Aug. 19—MANKATO — Hundreds of freshmen were hauling clothing, electronics and storage containers into Minnesota State University residence halls Thursday.
But on move-in day, they were also carrying great anticipation and high hopes as they prepared to begin their college careers in the midst of the ongoing — but not as bad as last year — COVID-19 pandemic.
"I'm excited. It's going to be a good year," said Cameron Sheriff, of New Prague, while moving into McElroy Hall.
Sheriff had gotten all his stuff hauled into his new home in two loads, although some unpacking remained.
"It's a mess right now, but hopefully we can get it squared away to make it nice," he said.
And on Monday, after another 1,500 students move in on Friday, Saturday and Sunday, classes will begin. For Sheriff, he'll be headed to a classroom for each of his five courses rather than logging on to a Zoom version of higher education.
"As of right now," he said of his 100% in-person learning. "Hopefully it stays that way."
A year ago, virtually every class was at least partially online as the worst of the pandemic still lay in front of MSU, Minnesota and the nation. This year, while online learning was an option in many cases, most classes are scheduled to be held the traditional way.
Tonya Lopez-Ibarra, of Nicollet, has just one online class on her schedule. She echoed Sheriff's eagerness to begin the college life.
"It's always been my dream school since freshman year in high school," said Lopez-Ibarra, describing her emotions as excitement tinged with some anxiety.
Payton Josewski, of Rogers, said he's feeling a sense of anticipation even as he recognized a bit of sadness about moving on from the first part of his life.
And his mom?
"Trying not to cry," Heidi Josewski said. "Proud of him."
Lopez-Ibarra's father was happy for the eldest of his four children: "She's got a new chapter in her life. At the same time, nervous."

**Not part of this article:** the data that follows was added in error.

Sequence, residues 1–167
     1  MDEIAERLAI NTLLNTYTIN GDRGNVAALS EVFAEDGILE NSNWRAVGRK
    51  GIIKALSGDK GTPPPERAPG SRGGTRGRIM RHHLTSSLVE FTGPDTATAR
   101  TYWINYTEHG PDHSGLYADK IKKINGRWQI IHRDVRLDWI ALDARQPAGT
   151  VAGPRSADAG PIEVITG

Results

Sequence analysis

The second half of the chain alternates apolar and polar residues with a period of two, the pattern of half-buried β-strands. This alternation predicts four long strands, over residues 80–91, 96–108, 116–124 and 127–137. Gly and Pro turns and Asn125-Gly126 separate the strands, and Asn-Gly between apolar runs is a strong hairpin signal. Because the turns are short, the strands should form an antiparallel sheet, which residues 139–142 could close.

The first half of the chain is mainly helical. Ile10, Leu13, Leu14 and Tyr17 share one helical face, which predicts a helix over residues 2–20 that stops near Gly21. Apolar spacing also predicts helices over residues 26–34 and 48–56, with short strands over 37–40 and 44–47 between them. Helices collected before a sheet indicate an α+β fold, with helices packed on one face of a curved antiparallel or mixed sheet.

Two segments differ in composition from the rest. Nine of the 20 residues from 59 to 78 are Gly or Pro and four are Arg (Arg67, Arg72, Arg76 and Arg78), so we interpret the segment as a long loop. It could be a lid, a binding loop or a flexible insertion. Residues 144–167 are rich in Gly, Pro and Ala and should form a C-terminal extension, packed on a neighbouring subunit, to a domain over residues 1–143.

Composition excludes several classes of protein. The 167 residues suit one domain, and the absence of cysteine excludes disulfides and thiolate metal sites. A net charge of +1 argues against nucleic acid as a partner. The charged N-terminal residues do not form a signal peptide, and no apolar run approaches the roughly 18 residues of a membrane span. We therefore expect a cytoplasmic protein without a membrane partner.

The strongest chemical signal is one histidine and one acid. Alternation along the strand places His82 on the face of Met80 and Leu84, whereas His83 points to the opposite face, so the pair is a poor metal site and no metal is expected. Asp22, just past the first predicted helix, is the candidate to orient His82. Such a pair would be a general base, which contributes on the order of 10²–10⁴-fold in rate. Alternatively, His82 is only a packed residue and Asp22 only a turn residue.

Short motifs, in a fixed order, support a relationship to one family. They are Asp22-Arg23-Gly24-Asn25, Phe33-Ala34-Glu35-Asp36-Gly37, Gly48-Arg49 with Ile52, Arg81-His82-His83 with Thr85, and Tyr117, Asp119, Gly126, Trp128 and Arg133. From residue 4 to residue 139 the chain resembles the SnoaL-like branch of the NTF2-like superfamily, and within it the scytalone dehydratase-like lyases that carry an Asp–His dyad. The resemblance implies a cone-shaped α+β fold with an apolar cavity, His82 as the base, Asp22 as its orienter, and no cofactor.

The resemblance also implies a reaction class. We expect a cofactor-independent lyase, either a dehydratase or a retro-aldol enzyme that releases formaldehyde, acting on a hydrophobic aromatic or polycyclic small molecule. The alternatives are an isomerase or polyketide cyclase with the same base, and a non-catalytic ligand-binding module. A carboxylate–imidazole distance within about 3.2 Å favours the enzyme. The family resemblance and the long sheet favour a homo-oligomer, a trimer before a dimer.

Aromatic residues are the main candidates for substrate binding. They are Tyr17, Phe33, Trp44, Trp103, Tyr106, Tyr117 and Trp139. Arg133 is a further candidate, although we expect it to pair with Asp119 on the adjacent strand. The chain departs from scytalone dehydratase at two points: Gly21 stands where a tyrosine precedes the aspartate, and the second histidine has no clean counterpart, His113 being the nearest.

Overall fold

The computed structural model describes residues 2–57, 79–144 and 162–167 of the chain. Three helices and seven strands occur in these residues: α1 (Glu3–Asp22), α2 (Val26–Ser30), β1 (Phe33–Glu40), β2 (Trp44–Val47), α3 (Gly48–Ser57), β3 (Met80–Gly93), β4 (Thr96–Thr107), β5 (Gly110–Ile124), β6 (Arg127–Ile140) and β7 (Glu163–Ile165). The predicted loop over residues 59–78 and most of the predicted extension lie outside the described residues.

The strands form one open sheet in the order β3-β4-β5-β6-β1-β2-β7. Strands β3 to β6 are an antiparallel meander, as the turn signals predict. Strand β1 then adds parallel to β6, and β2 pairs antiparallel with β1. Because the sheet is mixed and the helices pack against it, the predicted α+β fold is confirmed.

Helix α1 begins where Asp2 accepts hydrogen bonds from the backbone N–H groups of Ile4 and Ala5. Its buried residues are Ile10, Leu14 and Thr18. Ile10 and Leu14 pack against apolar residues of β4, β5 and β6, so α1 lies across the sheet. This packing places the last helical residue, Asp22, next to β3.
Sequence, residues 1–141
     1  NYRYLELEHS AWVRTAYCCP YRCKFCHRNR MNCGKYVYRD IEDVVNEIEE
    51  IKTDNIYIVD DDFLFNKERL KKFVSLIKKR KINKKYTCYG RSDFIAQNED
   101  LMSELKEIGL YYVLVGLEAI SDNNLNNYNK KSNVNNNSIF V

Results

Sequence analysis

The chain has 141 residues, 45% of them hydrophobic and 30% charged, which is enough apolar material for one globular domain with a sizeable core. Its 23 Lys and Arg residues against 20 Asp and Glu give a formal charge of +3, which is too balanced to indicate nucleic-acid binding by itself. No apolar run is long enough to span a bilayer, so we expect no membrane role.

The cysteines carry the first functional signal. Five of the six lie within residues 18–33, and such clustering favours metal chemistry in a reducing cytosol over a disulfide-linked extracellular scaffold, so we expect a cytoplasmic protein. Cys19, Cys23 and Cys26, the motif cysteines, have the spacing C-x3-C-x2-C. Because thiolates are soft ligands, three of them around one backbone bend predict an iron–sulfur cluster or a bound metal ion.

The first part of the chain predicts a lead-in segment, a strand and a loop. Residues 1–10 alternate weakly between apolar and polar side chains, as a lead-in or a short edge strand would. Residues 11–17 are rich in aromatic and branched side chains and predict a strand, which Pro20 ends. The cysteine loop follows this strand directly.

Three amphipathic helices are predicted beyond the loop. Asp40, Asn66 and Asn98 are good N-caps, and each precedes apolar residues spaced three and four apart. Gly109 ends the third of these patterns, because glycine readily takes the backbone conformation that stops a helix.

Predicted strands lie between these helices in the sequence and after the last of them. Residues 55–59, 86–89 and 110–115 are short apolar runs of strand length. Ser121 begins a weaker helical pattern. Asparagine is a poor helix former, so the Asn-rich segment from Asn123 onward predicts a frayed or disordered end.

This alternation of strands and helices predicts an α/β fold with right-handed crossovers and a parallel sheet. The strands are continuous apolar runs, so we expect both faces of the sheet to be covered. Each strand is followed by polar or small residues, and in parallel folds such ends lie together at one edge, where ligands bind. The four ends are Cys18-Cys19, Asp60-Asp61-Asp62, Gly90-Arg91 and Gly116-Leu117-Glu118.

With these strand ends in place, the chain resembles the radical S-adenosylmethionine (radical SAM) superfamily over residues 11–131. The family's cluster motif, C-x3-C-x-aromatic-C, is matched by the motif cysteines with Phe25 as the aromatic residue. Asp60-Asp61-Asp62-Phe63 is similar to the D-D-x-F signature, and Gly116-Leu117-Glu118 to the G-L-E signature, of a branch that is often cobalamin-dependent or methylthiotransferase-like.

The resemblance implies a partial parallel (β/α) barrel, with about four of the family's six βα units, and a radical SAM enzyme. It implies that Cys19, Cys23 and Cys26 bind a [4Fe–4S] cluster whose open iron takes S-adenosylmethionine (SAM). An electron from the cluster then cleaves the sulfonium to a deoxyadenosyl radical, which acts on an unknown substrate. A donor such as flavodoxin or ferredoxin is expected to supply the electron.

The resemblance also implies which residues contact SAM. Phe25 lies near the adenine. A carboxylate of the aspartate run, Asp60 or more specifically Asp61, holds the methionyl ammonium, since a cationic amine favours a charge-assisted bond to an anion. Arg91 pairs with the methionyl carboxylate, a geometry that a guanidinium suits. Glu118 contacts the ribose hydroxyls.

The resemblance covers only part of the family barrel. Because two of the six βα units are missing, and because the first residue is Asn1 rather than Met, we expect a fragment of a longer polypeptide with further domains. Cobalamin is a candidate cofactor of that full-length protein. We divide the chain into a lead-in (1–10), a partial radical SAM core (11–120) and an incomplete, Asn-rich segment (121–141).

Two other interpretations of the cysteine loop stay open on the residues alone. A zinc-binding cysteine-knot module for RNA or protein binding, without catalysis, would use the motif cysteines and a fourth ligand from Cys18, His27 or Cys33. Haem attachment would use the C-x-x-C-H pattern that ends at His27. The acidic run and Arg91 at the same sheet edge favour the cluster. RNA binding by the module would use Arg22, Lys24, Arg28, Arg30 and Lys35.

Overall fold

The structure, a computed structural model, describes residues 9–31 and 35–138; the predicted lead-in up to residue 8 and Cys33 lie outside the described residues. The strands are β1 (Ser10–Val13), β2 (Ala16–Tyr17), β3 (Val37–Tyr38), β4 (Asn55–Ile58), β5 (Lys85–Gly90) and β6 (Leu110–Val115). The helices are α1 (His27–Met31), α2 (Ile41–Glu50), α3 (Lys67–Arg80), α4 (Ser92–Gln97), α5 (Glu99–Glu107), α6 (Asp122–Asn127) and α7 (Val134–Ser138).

If her little brother was heartbroken, or in anyway anxious, about seeing his sister move out, he was playing it cool.
"I'll kinda miss her," 10-year-old Damian said, "because she was my second favorite."
Thursday was not only the first day of move-in but the busiest.
About 800 students had scheduled times on Thursday and another 600 were set to join them Friday, said Nicole Faust of MSU's Residential Life department. Appointments aren't required Saturday and Sunday, when the final 900 are expected to arrive.
Nearly 400 students registered to participate in the "Drop & Go" program, whereby students could haul most of their stuff into dorm rooms last weekend to avoid the rush of the formal move-in days, Faust said.
That appears to be well below the number of "Drop & Go" participants a year ago when pandemic restrictions were everywhere. And while masks are once again required in indoor spaces, MSU's Welcome Week activities — aimed at getting new students to interact — includes several indoor events, ranging from movies to "Family Feud" games to a bingo party with a long list of prizes.
"Students are definitely excited to be on campus," Faust said.